As the Maker World develops, we want to have a greater impact on our environment, the spaces we live in. Auxetic Assemble gives you a chance to build your own furniture and have a input in your product. Auxetic Assemble gives you the chance to buy either the cut parts for the product or the instructions and CNC cutting files to then source your own material, cut your own product and assemble your work. The future of this adaptable design system allows the product to be fitted and designed to your require space.

 

The Pavilion

I have set up a Kickstarter Campaign in order to Fund a Pavilion in Hackney. The Pavilion is the next step in the journey to developing this system to its future potential. The construction process used for the plywood shelves will be developed at the larger scale to develop a pavilion to display the process of constructing the shelves and to exhibit the product. The Pavilion walls will become the seating, shelving and tables for the space. This is a chance to explore the system at a larger scale in order for further development for future of housing, an adaptable system that can be applied to a unique space and engages everyone as its workforce to build it.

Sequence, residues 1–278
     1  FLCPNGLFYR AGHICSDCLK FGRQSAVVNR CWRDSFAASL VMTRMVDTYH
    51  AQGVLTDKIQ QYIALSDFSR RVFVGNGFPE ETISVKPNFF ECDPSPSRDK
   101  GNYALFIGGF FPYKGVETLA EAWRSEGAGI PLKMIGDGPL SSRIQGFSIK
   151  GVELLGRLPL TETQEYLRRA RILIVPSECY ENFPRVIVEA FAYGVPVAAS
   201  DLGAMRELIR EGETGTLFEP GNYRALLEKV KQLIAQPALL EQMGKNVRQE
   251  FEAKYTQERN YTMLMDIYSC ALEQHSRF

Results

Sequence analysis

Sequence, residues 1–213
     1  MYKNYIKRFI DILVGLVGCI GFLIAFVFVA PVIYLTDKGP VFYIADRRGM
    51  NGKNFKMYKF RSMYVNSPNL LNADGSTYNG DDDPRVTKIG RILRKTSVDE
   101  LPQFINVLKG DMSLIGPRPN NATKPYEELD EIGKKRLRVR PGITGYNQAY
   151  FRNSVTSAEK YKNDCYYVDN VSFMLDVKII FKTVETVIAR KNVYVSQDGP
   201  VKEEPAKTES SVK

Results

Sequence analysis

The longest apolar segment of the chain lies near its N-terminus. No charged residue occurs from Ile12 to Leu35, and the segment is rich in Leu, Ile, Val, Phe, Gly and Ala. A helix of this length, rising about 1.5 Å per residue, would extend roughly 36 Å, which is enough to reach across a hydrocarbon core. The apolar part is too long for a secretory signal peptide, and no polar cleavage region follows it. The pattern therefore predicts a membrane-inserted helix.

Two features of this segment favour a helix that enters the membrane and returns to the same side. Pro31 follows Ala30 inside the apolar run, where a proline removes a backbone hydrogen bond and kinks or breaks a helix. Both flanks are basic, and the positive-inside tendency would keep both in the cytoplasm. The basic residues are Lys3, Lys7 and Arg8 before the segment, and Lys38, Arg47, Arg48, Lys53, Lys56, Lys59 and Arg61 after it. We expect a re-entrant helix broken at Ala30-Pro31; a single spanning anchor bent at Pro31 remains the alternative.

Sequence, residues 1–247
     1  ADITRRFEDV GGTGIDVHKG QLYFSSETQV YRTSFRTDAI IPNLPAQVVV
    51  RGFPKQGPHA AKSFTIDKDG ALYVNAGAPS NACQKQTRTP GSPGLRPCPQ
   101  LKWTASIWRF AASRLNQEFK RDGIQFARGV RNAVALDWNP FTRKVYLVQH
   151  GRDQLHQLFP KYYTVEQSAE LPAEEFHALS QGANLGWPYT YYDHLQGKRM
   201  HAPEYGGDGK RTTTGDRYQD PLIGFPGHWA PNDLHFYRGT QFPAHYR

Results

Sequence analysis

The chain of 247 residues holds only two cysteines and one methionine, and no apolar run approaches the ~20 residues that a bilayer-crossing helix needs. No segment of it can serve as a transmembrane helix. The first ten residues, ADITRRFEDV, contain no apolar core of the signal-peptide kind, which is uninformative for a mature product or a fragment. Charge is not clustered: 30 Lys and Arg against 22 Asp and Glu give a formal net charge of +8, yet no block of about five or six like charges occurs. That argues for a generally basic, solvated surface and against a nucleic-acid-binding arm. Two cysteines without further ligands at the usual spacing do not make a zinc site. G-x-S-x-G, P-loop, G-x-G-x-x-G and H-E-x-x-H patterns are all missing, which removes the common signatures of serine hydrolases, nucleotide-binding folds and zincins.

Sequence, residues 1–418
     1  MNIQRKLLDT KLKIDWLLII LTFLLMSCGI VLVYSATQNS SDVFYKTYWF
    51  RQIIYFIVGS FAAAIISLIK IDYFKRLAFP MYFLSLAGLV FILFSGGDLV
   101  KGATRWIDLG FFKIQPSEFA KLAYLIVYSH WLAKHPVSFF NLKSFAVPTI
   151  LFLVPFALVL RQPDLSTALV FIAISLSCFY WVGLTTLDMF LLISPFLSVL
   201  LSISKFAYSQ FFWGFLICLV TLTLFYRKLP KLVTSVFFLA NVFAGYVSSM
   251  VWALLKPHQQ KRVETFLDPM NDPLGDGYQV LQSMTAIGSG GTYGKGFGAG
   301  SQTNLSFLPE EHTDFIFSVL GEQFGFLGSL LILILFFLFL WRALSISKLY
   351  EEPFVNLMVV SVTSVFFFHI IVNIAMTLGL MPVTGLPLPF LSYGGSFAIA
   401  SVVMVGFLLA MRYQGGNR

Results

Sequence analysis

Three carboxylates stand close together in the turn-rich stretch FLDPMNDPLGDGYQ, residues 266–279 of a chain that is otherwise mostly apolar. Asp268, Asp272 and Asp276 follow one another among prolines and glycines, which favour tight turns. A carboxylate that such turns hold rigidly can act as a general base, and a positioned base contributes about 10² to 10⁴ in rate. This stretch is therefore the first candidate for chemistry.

Kickstarter Page

 

The Products

 

The design system has been developed into shelving product to sell as rewards, both in cardboard and plywood.

Table Top Plywood Shelves

Table Top Cardboard Shelves

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SONY DSC

 

Follow the links to the Kickstarter Page to help this project be realized, Click on any image for the Kickstarter page link. Thank you.

 

‘Entwine’ – Submission for Burning Man 2016

Final Day Render

INSTALLATION SUBMISSION TO BURNING MAN 2016 – ‘Entwine’

Entwine is a timber frame structure which has been developed through rigorous physical and digital testing to ensure a safe climbing frame for all to enjoy. When exploring Entwine, the vast expanse of the playa is framed through beautiful intertwining curved plywood beams. Burners can view the event from glorious vantage points nestled amidst multiple communal spaces that encourage interaction and play.